Lada Terra

From Wikipedia, the free encyclopedia
Jump to navigation Jump to search
A view of the southern hemisphere of Venus. V-56 Quadrangle bordered by the black dashed lines. The Quetzalpetlatl Corona is outlined in red and the inner Boala Corona in yellow. Background image provided by NASA/JPL.

Lada Terra is a major landmass near the south pole of Venus which is centered at 60°S and 20°E and has a diameter of 8,615 kilometres (5,353 mi).[1] It is defined by the International Astronomical Union as one of the three "major landmasses," or terrae, of Venus.[1] The term "landmass" is not analogous to the landmass on Earth, as there are no apparent oceans on Venus. The term here applies to a substantial portion of land that lies above the average planetary radius, and corresponds to highlands. The broad region of Lada Terra contains massive coronae, rift zones, and volcanic plains as well as many other features that scientists use to attempt to piece together the history of this complex planet. The distinctive cross-cutting relationships found in the bedding of Lada Terra have been important in realizing relative ages of the extensional belts and coronae, as well as the complex tesserae features present planet-wide.[2] In 1990 the Venus Radar Mapper revealed the largest outflow channel system on the planet located in the northern region of Lada Terra.[3] Although Lada Terra is generally considered a highland of Venus, the topography is much lower-lying than its northern counterparts Ishtar Terra and Aphrodite Terra. Lada Terra is named after Lada, the Slavic goddess of love.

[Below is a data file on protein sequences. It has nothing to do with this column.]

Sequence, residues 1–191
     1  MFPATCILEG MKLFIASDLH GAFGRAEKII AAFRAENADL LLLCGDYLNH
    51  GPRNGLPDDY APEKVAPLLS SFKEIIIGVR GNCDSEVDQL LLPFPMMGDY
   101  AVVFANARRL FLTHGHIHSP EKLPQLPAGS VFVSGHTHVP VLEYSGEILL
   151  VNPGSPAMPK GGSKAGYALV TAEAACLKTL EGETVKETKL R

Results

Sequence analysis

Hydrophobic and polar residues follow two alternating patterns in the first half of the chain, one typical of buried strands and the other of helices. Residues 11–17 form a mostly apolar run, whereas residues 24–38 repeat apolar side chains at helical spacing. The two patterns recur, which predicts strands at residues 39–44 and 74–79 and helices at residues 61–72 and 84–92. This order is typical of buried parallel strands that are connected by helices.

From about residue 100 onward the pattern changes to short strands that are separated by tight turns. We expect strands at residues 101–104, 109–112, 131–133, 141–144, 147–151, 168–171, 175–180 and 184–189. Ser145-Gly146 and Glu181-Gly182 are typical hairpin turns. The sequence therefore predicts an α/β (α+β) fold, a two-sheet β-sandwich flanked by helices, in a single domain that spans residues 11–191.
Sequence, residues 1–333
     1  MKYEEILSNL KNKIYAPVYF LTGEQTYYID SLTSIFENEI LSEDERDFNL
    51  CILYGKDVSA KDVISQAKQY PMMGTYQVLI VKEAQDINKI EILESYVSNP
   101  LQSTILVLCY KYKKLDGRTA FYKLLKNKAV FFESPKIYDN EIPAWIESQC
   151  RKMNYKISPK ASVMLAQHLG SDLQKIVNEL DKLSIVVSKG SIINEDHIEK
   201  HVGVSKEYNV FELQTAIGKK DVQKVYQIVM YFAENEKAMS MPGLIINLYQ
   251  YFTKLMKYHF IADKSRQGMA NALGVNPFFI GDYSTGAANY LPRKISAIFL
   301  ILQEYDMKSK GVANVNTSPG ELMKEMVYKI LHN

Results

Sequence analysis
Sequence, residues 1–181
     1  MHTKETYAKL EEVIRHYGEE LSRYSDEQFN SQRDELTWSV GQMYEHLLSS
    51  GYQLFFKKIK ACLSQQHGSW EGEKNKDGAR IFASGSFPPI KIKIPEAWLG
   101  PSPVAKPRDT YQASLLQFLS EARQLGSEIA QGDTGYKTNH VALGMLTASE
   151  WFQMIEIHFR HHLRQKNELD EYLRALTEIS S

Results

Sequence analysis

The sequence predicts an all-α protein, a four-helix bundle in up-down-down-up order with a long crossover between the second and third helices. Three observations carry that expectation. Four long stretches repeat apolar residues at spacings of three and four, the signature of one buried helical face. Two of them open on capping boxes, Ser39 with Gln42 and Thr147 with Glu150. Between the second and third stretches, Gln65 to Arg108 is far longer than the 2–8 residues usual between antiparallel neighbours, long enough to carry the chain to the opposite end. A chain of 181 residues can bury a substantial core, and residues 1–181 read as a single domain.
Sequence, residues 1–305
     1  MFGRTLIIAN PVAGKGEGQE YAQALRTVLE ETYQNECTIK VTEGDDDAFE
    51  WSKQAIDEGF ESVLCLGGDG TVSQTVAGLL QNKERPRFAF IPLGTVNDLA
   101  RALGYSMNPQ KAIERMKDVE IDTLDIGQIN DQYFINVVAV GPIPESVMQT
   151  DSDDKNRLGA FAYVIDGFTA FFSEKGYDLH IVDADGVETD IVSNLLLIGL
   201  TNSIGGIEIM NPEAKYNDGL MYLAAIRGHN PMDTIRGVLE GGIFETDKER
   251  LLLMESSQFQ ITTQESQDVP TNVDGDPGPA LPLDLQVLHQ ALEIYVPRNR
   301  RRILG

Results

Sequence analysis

Features[edit]

Expanded view of Lada Terra. Black dashed line bounds Lada Terra while the white encloses Lavinia Planitia. The Quetzalpetlatl Corona is in red and the Boala Corona in yellow. The Alpha-Lada belt is depicted as the jagged light blue line. Background image courtesy of NASA/JPL.

Lada Terra is one of eight distinct regions on the surface of Venus. Ishtar Terra and Aphrodite Terra are the other significant terrae of the planet, located near the northern polar region and the equator, respectively. Lada Terra has a diameter of 8,615 kilometres (5,353 mi). and covers most of the south pole region on Venus. The region consists of heavily deformed terrains indicating crustal deformation processes effecting the area in the past.[2] The lowlands are much smoother terrain with very little deformation, which scientists postulate to be relatively young lava flow remnants.[4] The most prominent region is the midlands, where gently sloping topography is disrupted by faults, fractures, and corona, making this area the most complex and studied region in Lada Terra.